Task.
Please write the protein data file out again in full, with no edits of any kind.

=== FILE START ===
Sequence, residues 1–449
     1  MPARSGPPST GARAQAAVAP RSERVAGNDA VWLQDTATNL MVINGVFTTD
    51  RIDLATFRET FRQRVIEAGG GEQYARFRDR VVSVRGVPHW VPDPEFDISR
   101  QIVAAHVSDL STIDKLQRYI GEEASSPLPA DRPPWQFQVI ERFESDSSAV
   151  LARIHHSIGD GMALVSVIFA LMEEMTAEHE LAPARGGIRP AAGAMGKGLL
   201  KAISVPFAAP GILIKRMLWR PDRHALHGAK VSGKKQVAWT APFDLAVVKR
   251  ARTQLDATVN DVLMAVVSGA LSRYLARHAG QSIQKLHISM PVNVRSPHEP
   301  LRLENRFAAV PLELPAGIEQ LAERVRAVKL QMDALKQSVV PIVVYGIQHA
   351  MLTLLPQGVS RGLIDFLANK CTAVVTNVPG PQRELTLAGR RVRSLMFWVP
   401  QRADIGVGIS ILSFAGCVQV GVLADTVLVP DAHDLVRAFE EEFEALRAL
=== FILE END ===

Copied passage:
Sequence, residues 1–449
     1  MPARSGPPST GARAQAAVAP RSERVAGNDA VWLQDTATNL MVINGVFTTD
    51  RIDLATFRET FRQRVIEAGG GEQYARFRDR VVSVRGVPHW VPDPEFDISR
   101  QIVAAHVSDL STIDKLQRYI GEEASSPLPA DRPPWQFQVI ERFESDSSAV
   151  LARIHHSIGD GMALVSVIFA LMEEMTAEHE LAPARGGIRP AAGAMGKGLL
   201  KAISVPFAAP GILIKRMLWR PDRHALHGAK VSGKKQVAWT APFDLAVVKR
   251  ARTQLDATVN DVLMAVVSGA LSRYLARHAG QSIQKLHISM PVNVRSPHEP
   301  LRLENRFAAV PLELPAGIEQ LAERVRAVKL QMDALKQSVV PIVVYGIQHA
   351  MLTLLPQGVS RGLIDFLANK CTAVVTNVPG PQRELTLAGR RVRSLMFWVP
   401  QRADIGVGIS ILSFAGCVQV GVLADTVLVP DAHDLVRAFE EEFEALRAL